Review: Jodi Picoult’s Between the Lines

between the linesTitle: Between the Lines
Series: Between the Lines
Author: Jodi Picoult and Samantha van Leer
Genre: 
Young Adult Fiction, Contemporary
Publication Date: June 26th, 2012
Pages: 
353
Publisher:
Simon Pulse Simon Schuster
Rating: 

blue3.5

Delilah is kind of a loner who prefers spending her time in the school library reading a book, one book in particular actually. Between the Lines is a one-of-a-kind fairytale.  The story’s Prince  is brave, adventurous, and loving. He really speaks to Delilah.

And then one day, he actually does speak to her. Turns out, he’s more than just a story book prince. That’s just a role, and the moment the book shuts it stops  and he’s left feeling trapped and restless. He wants out of the book and Delilah is just the girl to help him.

This is a fluffy, light, refreshing fairytale. On that note, it definitely feels a little bit younger than young adult. Yes, it does have a high school protagonist and everything, but the writing style, tone and content feel younger.

I think this is partially because of the fairytale aspect. I don’t mean the fact that this fairytale is the central point of the book, but the chapters that are the actual fairytale. When I started the book I thought it was cute as like a first chapter with the illustration and everything, but the further I got into the book the more annoyed I got when those chapters popped up. I just wanted the real story, plus I felt like I knew enough of the plot of the fairytale from Delilah and Oliver’s perspectives.

Yes, this book is duel point-of-view. There are chapters from Delilah’s perspective, she’s the reader. And there were chapters from Oliver’s perspective, he’s the prince in the fairytale.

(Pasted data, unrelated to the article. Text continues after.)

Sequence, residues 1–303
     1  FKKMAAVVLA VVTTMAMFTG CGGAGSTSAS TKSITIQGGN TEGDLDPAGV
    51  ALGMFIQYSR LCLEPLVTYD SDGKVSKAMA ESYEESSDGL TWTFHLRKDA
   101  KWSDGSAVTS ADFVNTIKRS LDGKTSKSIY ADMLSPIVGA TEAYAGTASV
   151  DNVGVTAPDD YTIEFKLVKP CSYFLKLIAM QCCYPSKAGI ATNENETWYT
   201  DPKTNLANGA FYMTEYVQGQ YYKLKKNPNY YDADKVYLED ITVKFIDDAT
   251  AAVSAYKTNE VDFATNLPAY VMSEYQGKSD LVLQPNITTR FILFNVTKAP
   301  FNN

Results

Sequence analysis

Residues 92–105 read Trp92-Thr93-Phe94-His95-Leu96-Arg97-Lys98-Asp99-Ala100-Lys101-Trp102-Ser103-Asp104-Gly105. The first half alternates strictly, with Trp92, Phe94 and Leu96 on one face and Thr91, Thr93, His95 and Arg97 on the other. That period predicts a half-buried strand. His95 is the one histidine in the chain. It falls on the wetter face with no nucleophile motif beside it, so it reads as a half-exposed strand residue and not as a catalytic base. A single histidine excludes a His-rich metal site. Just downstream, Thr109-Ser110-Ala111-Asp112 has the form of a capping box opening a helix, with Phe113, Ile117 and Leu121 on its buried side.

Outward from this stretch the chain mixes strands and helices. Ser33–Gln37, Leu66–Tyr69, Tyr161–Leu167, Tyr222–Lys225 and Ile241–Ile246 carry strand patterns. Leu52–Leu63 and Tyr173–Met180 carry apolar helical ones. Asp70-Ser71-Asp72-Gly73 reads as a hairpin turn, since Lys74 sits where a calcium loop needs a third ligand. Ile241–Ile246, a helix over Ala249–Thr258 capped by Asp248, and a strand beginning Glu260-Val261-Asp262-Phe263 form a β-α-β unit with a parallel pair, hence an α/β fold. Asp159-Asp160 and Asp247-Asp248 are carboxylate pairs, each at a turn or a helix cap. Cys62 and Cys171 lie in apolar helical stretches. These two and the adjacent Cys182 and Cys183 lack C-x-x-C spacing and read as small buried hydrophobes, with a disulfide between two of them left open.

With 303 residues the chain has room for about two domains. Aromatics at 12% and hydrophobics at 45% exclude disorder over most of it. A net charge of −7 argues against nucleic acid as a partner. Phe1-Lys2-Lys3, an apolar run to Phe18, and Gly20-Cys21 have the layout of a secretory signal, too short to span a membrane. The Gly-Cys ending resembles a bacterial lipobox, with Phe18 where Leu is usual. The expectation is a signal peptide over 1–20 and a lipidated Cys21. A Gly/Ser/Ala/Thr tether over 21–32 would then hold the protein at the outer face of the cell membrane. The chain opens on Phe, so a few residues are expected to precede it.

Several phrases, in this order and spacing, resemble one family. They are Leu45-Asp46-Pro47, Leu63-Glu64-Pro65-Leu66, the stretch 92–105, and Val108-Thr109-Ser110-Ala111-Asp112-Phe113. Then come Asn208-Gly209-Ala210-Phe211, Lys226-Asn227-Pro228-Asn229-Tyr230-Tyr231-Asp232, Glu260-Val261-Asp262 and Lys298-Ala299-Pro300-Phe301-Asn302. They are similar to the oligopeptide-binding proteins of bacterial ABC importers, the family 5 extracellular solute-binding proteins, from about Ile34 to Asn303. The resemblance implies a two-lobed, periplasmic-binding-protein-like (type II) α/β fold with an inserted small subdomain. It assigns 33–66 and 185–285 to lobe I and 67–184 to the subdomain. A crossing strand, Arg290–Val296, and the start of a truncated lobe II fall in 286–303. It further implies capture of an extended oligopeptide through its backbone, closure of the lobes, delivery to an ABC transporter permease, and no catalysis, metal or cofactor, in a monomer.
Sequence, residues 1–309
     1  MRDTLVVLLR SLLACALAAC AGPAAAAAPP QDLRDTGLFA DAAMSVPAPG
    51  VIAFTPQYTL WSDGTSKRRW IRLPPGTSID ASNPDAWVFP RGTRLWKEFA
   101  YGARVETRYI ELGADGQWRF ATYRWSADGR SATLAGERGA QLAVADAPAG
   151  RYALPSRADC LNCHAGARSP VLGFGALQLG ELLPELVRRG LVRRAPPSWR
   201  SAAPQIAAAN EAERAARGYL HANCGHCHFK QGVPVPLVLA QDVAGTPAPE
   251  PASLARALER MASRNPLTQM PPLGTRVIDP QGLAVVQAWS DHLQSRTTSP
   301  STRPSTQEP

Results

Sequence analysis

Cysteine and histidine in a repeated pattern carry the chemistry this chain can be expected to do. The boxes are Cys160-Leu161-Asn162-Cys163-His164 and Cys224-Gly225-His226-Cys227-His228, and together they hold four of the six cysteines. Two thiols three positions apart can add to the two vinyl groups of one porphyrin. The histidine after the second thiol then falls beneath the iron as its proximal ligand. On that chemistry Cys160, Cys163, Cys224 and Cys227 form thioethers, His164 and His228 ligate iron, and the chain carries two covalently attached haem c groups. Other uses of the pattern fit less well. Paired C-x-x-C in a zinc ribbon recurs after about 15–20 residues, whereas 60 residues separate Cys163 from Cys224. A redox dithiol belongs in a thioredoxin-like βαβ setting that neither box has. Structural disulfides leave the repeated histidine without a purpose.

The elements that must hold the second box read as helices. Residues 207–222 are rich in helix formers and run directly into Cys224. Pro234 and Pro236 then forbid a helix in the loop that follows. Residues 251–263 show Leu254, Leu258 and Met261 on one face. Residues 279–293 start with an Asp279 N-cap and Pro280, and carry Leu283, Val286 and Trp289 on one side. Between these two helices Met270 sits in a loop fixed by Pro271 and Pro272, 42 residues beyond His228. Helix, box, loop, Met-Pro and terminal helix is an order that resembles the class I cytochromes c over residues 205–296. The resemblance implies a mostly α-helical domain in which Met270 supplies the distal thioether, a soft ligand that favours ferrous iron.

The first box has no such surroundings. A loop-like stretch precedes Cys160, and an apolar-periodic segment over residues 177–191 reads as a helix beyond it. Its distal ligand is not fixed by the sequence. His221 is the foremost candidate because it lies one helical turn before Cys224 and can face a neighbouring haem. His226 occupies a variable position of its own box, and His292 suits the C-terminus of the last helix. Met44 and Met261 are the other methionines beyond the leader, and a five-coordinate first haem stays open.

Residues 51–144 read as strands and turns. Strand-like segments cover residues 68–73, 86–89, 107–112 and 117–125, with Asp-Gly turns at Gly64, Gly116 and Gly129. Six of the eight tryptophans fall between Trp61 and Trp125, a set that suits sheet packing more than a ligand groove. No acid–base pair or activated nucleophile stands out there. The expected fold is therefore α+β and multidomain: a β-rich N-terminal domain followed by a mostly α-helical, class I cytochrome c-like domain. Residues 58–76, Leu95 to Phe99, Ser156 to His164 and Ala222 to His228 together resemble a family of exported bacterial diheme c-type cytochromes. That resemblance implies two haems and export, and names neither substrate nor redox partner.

“THE ACT OF READING IS A PARTNERSHIP. THE AUTHOR BUILDS A HOUSE, BUT THE READER MAKES IT A HOME.”

Delilah as a character felt a little typical unpopular teen to me. She’s klutzy and has made enemies with the popular crowd by constantly accidentally injuring them in gym class. Her best friend is that archetypal “alternative” girl who doesn’t’ care what the cheerleaders and football players say. I felt really bad for Delilah’s mom, who while overly concerned, is also just being a concerned parent. Delilah is a bit too wrapped up in her world (or the world of the book) to get this though.

The one aspect I really loved about her was her love for reading and connection with the story. Now that’s something I can relate to. That’s the reason, while despite finding all those other things very flat, I enjoyed this book. Because as soon as you get Delilah away from high school and talking to Oliver the story comes alive. The moments between them are truly precious.

Now, Oliver. I really enjoyed him and his perspective in this book. It was interesting getting to see a book more as a play, and when it’s closed the characters are off-stage but when it’s open they’re on and playing a role. Oliver is charming, sweet, and everything a prince should be. That’s the one little problem I had with him though. While in the actual fairytale Oliver has the flaw of not being brave (something he makes up for with his wit), Oliver in “real life” doesn’t really have a flaw.

He’s only relatable in the sense that we’ve all had points in our lives I believe that we wished our life was different, that we were somewhere or someone else.

“He’s not your typical prince, more like a square peg in a round hole, kind of like me. He’s the sort of guy who wouldn’t mind reading side by side on a date.”

So throughout the book, Delilah helps Oliver try to get out of the fairytale. I thought this was super interesting and these were possibly my favorite scenes just because of all the hope and emotion felt between the two. Plus, it’s cool to think how you’d actually get a character out of the book if you could.

I will say, the ending confused me a little bit. Trying not to spoil anything, but I wasn’t a hundred percent sold.

Just style-wise, I wasn’t a huge fan of or sure of the need to change fonts and colors when the point-of-view changes. These point-of-view switches happen based on chapter, and the character’s name is printed at the top of the page. So the change was obvious with out a weird color, plus the duel POV is something pretty common and understood in YA.

All in all, this was a truly magical book. It reminded me of some of my favorite stories growing up. I definitely suggest picking it up if you’re looking for something to bring lightness and joy. Between the Lines is available on Amazon and you can find the author at jodipicoult.com. Give it a read and let me know what you think in the comments. Plus leave recommendations for my next book!

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